2-tone badge 1

mod logo

Northern Soul is a music & dance movement that emerged out of the British mod scene, initially in northern England in the late 1960s. Northern Soul mainly consists of a particular style of black American soul music based on heavy beat & fast tempo of the mid-1960s Tamla Motown sound. The Northern soul movement, however generally eschews Motown or Motown-influenced music that has met with significant mainstream success. The recordings most prized by genre enthusiasts are usually by lesser-known artists and were initially released only in limited numbers.

Northern soul is also associated with particular dance styles & fashions that grew out of the underground rhythm & soul scene of the 1960s, at venues such as the Twisted Wheel in Manchester. This scene quickly spread to other UK dancehalls & nightclubs like the Catacombs in Wolverhampton, the Highland Rooms in Blackpool Mecca, Golden Touch in Stoke-on-Trent& Wigan Casino. As favoured beat became more uptempo & frantic, by the early 1970s northern soul dancing became more athletic.Featuring spins, flips, & backdrops, club dancing styles were often inspired by the stage performances of visiting American soul acts such as Little Anthony & the Imperials & Jackie Wilson.

Soul boys were a working class English youth subculture of the late 1970s and early 1980s. Fans of American soul and funk music, it emerged in North-West England as northern soul event attendees began to take more interest in the more modern funk and jazz funk sounds of artists such Lonnie Liston Smith and Roy Ayers instead of obscure 1960s soul records that characterized the northern soul scene.

The subculture emerged at nightclubs in the South East England such as The Goldmine in Canvey Island and The Royalty in Southgate. DJs involved with the development of the soulboy scene included Chris Hill, Robbie Vincent, Greg Edwards and Froggy. Caister Soul Weekenders became the main event in the soulboy scene and still exist today. The casual subculture that emerged in the 1980s was heavily influenced by the soulboys, including the sideways fringed wedge hairstyle. Although the soulboy scene was huge by the early 1980s, it received little media coverage because it was centred around American funk acts and was largely working class. Therefore, it received far less coverage than more middle class youth cultures of the same period, notably the new romantics.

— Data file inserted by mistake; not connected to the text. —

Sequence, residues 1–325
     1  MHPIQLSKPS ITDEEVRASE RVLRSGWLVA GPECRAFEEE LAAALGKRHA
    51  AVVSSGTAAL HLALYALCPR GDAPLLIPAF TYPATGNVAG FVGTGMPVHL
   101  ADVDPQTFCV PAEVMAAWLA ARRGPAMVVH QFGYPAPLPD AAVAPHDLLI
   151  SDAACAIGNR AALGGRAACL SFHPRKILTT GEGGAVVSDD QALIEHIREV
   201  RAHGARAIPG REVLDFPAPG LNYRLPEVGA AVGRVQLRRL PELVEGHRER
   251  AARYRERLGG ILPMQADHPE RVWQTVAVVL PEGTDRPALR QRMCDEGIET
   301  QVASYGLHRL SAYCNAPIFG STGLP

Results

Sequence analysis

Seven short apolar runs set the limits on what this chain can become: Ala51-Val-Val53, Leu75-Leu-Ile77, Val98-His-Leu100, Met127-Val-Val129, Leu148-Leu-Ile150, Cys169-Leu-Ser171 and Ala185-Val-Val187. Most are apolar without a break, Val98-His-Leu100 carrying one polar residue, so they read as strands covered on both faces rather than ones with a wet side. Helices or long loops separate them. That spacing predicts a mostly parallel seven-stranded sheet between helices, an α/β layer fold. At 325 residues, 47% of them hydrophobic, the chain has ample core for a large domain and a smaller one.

Scooterboy is a member of a specific subculture based around riding motor scooters namely Vespa and Lambretta Scooters. The subculture started in the late 1960s in the industrial north of England.The subculture resurfaced nationally in the United Kingdom around 1979 or 1980 at the time of the 2tone and mod revival.The huge number of scooter clubs that sprung up around this movement best identified as the scooterboy movement. Unlike the mods, who often customize their scooters with 1960s-style paint jobs and accessories (such as extra mirrors), scooterboys generally use a more modern style of paint work, sometimes adding murals depicting events or music, or in some cases turning them into cutdowns. Performance items were also added to the scooters to improve speed and handling.

Mods and scooters

The high point for scooterboys in Great Britain was from 1984 to 1987. Scooter rallies during this period were attracting numbers in excess of 10,000 or 15,000 people. Scooter rallies usually involved camping, allnighters and alldayers, watching bands, dancing to DJs, drinking and participating in various scooter-related activities. In the 1980s, scooterboys listened to various styles of music, including ska, 2 Tone, psychobilly, punk rock, Oi, and Northern Soul.

mod bands

A few popular songs at scooter rallies in the 1980s included: The Snake by Al Wilson, Should I Stay Or Should I Go? by The Clash, Skinhead Love Affair by Bad Manners, Surfin Bird by The Trashmen, and Tony Blackburn by Binky Baker.

The scooterboy subculture has spread around the world, largely due to magazines such as Scootering and Scooter Scene. In the 2000s, there has been a sizable scooterboy (or as they are now known, scooterist) scene in many countries, notably Germany, the United States, France and Italy.

And that ends part one